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Glance of a Landscape
Glance of a Landscape, 1926
Paul Klee, Swiss
Transparent and opaque watercolor sprayed over stencils and brush applied on laid paper, mounted on cardboard
Sheet: 11 7/8 x 18 1/8 inches (30.2 x 46 cm)
The Louise and Walter Arensberg Collection, 1950
1950-134-120
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More than any other medium, drawing provides an artist with a personal and spontaneous means of expression. The direct application of a pencil, pen or brush to a sheet of paper lends an immediacy that is unique among art forms. Frequently small in scale and often not intended for display, drawings may function as a private journal of sorts by recording an artist's ideas, experiments, and intentions. Certainly sketchbooks, such as those by Paul Cézanne, serve this role – offering intimate studies from everyday life and revealing the evolution of the artist’s vision through various depictions of favorite subjects. The drawing materials chosen by an artist profoundly influence the finished appearance of a work of art on paper. Distinctive yet often subtle differences in the physical characteristics of pencils, crayons, pastels, watercolors, or inks determine not only how the artist applies them but what the materials look like on the paper surface. Precise identification of drawing materials provides insight into an artist’s intentions and working methods, thereby contributing to our understanding of a work of art and its historic context. Just as important, this information encourages appropriate care during exhibition and storage and, when necessary, helps the conservator to carry out more effective treatments.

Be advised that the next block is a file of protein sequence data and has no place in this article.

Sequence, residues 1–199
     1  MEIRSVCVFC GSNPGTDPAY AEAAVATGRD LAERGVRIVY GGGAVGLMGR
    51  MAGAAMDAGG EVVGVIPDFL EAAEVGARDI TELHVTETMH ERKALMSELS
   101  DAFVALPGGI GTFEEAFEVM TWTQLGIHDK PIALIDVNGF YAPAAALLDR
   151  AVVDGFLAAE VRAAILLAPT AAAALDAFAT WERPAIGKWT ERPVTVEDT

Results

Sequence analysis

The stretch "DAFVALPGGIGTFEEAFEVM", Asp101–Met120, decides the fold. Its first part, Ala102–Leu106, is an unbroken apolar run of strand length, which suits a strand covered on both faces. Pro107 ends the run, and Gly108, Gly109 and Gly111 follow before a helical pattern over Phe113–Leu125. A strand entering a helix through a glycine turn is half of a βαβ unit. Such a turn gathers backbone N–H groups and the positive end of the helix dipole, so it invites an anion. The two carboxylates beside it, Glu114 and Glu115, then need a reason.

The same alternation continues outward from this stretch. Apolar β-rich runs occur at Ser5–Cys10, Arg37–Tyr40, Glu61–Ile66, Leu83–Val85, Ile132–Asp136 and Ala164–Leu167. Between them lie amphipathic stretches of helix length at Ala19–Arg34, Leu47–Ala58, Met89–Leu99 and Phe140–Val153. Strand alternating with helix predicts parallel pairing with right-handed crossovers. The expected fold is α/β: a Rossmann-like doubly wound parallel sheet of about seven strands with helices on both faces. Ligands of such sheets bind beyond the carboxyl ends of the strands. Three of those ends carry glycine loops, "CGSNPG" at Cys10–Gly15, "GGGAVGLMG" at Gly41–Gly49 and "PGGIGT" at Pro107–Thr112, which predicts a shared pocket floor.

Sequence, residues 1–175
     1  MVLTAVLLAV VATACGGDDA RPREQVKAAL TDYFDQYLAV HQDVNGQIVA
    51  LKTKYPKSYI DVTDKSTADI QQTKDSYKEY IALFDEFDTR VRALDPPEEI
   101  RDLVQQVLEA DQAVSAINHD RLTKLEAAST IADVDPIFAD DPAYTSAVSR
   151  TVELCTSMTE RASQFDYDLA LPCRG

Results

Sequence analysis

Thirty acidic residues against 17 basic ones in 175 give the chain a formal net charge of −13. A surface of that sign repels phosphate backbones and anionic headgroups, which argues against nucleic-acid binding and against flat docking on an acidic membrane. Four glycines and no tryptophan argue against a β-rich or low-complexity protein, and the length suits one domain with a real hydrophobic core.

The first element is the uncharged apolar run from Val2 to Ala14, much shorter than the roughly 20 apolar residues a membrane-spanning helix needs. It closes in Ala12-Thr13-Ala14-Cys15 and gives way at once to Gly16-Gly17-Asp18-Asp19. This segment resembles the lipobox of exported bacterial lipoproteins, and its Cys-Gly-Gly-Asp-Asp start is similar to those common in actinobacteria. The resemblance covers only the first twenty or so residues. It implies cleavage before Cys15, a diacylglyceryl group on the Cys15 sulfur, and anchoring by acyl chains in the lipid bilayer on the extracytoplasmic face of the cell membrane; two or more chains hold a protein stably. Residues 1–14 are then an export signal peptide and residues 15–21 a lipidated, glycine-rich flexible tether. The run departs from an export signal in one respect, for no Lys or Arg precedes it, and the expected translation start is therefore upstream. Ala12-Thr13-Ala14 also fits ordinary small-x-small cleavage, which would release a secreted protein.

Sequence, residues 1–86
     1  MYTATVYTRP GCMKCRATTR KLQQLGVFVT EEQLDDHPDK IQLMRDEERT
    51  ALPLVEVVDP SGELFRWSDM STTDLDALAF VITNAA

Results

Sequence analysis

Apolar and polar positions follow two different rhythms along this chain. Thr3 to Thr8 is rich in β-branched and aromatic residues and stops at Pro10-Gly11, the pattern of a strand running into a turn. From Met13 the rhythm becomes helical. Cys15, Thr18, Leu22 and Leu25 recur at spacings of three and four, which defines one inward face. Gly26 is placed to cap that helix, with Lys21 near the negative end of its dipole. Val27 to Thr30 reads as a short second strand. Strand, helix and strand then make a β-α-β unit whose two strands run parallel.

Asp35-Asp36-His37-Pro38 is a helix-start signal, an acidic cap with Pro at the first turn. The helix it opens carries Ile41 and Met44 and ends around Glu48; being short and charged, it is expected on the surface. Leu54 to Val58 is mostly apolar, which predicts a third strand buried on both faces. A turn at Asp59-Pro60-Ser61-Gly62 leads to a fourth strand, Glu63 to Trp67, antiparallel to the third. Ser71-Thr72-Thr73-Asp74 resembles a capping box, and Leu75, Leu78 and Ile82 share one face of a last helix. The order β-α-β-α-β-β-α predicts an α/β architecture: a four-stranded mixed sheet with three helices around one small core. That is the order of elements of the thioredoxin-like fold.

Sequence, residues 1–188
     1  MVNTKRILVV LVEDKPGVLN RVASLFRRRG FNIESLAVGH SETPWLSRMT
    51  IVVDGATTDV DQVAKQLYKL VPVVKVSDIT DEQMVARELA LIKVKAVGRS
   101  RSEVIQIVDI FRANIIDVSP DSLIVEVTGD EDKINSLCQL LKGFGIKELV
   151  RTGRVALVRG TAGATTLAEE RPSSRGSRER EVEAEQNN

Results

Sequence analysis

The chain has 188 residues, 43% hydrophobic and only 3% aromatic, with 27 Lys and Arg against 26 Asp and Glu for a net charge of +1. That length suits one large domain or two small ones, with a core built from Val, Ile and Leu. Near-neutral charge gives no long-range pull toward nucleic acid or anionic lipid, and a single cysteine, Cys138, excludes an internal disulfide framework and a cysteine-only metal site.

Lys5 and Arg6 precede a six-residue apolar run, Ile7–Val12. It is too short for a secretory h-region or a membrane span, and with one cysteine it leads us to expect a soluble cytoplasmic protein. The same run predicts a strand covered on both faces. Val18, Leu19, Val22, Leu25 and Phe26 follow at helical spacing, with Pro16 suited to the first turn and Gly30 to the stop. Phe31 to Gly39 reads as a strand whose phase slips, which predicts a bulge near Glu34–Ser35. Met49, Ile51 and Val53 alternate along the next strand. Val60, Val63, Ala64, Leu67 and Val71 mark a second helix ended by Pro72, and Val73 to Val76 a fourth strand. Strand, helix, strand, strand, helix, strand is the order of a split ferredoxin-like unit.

Observation through a microscope is fundamental to the examination process. It can reveal minute physical details of drawing mediums and papers as seen in the photomicrographs that follow. The use of various types of illumination such as raking light, positioning a lamp so that it shines across the surface at a sharp angle, can show identifying characteristics like the sheen of graphite, the velvety quality of pastel or the distinctive texture of a paper.

The following presentation on drawing materials is based on an installation entitled For Your Eyes Only—Looking Closely at Works of Art on Paper held at the Philadelphia Museum of Art May 26 through September 10, 2000. The exhibition featured 19th and 20th century masterworks from the Museum’s collection, most of them included in this web presentation and many of them highlighted in the Philadelphia Museum of Art: Handbook of the Collections.

Drawing Materials

Graphite
Charcoal
Crayon
Chalk & Pastel
Graphite Charcoal Crayon  Chalk & Pastel
Watercolor
Opaque Watercolor
Pen & Ink
Mixed Materials
Watercolor Opaque
Watercolor
Pen & Ink Mixed Materials

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